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The issue of the “emerging church” is picayune compared to the advent of the “post-human”. Since I use the term “post-human” in my writing quite a bit, I thought I would offer a brief piece on what I mean when I use this term.
Besides the obvious influence of too much science fiction, I was first inspired in this area of thinking by an article published in Wired Magazine written by Bill Joy titled, “Does the Future Need Us?” and later by a Summer 2000 issue of New Perspectives Quarterly (NPQ) titled, “Post-Human History?” The summer 2000 issue of the NPQ offered interviews with several thinkers, among them social philosopher Francis Fukuyama and futurists Alvin and Heidi Toffler.
One point of view on the term “post-human” describes a future in which nanotechnology and robotics have created self-evolving robots that become superior in certain ways to humankind. Bill Joy’s infamous article (Wired, 1999) takes us on an adventure down this potential future path. The fear here is one of survival. What happens when humankind encounters a superior creature? Joy, then the chief scientist at Sun Microsystems, warns of a world in which humankind becomes a kind of “cattle” species for a superior race of robots. For Joy today’s technologies create a danger greater than the nuclear and chemical weapons of the 20th century. This is a serious and important perspective and probably what most people think of when they hear the term “post human”.
A second (and even dicier) POV on the term describes a future in which the nature of humankind is changed via biotechnology. Fukuyama describes a world in which biotechnology reaches out and touches the depths of the human soul, the essence of the human. The questions that emerge here are hugely important and provocative. Will we alter ourselves at the genetic level in such a way that a new evolved homo sapien emerges on the planet? How will the power to genetically alter all of one’s descendants change humankind? How will this effect history, politics, morality?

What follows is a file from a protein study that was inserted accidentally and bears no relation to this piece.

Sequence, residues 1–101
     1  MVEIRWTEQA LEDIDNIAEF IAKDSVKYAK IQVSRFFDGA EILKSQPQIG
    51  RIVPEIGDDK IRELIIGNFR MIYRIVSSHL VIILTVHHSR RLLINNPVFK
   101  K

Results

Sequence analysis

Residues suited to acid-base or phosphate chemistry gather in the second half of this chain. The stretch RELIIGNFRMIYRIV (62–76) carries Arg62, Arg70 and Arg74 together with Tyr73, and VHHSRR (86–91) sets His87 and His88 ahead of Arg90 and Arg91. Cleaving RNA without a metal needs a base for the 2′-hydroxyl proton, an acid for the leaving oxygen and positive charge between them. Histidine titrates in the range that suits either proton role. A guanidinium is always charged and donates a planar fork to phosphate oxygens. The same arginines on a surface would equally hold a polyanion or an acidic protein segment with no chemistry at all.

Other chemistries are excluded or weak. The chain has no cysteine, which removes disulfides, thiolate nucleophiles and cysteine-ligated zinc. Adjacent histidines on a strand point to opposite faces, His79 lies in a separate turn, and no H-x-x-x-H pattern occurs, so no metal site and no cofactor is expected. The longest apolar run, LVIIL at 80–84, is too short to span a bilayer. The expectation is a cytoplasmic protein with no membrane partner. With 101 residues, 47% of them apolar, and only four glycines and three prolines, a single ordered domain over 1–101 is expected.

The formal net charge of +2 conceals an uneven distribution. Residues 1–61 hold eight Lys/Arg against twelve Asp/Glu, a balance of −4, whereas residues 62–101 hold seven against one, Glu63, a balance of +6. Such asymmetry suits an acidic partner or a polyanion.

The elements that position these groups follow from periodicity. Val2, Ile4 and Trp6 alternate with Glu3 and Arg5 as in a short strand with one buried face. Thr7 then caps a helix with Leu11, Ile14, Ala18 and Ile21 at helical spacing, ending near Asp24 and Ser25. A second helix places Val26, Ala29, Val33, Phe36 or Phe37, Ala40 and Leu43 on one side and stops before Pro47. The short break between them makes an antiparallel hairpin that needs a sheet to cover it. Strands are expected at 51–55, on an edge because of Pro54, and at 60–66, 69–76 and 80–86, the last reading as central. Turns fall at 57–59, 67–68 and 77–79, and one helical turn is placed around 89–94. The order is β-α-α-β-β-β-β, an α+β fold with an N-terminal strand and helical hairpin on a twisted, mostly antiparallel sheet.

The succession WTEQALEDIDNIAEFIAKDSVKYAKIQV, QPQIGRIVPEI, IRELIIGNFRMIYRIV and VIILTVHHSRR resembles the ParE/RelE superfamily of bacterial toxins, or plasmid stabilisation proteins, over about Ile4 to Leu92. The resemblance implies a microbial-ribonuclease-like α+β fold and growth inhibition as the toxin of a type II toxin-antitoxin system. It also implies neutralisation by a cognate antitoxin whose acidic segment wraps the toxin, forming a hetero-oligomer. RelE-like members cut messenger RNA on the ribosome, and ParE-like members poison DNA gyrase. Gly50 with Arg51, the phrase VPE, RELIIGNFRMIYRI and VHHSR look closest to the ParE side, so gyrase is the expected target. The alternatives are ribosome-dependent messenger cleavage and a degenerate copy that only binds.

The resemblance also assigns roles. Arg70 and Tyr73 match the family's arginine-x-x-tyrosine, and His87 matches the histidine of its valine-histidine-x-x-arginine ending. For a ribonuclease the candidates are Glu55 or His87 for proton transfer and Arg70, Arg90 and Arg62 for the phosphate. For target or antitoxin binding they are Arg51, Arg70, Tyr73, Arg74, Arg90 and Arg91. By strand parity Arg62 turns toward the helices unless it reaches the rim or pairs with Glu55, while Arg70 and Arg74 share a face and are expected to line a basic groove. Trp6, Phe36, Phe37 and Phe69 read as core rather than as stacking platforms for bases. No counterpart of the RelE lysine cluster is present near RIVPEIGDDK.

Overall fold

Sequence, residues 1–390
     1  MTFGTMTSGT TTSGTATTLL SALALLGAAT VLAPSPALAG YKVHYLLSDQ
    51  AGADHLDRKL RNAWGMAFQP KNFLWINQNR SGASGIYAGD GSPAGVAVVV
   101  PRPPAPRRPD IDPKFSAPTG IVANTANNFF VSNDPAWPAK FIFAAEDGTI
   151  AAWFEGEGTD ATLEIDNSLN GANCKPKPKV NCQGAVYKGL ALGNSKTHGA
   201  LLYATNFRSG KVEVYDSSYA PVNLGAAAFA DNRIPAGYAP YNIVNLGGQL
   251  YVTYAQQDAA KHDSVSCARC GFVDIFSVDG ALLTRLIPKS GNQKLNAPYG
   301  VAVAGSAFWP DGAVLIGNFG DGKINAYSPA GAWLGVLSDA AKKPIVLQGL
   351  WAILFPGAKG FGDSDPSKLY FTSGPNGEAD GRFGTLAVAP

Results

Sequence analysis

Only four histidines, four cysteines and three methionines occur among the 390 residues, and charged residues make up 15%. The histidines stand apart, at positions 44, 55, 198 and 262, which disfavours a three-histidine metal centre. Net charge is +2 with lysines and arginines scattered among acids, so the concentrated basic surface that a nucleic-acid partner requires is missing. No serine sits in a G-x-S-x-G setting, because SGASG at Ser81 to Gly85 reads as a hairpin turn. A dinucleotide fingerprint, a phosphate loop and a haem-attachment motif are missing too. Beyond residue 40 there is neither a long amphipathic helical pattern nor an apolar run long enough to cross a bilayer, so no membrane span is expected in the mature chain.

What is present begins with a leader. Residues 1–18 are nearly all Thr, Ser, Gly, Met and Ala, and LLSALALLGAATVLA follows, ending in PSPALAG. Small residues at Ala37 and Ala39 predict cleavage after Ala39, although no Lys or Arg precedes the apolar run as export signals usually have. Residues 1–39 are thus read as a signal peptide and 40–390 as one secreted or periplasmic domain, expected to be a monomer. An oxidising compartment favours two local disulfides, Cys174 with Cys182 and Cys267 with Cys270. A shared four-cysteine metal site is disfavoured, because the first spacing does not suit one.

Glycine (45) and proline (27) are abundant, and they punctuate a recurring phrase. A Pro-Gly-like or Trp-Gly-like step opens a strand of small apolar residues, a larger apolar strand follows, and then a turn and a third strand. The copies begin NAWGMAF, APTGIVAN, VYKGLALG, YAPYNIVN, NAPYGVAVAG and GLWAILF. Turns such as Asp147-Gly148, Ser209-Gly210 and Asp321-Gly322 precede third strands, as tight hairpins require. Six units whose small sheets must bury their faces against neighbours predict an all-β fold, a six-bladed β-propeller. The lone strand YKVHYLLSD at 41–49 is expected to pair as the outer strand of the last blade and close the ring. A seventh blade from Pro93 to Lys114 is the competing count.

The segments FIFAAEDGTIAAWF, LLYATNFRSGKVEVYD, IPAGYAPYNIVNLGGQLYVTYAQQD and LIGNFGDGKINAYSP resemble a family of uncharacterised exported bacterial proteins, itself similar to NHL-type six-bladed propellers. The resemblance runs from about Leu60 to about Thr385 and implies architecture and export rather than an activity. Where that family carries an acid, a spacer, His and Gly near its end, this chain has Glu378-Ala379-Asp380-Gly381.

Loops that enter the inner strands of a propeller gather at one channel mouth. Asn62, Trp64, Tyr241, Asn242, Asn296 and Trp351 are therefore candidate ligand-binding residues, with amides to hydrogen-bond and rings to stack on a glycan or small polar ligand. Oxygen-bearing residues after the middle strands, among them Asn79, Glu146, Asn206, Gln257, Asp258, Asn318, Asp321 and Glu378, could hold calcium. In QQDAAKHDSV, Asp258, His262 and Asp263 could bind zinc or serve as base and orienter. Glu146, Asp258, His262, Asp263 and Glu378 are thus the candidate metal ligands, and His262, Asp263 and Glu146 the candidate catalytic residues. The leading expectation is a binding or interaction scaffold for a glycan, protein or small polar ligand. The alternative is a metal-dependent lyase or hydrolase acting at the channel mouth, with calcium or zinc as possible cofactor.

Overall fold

A third even more provocative POV on the term “post-human” is one which describes a future in which some hybrid of man and machine merge together to form one operating/biological system. This would yield a totally new life form and introduce a new species on the planet: “anthropo-technology” (Peter Sloterdijk).
These last two scenarios are what I point to in “Homo Electronicus Migratus”, a letter to my children I wrote in 1999. Those of you who follow my writings will remember that I re-published this letter here around one year ago. It’s been said before that the future earth is populated by clones and cyborgs. Add to this roll call, evolving robots, anthropo-technology, and Homo Electronicus Migratus. Our quest in that world will be the same as our quest in this world: to make it human again.
To those of you who have asked, I hoped ths brief description of how I use the term is helpful. There’s a lot more to come on the “post human” future. What do you think?
See you “in the mystic…”
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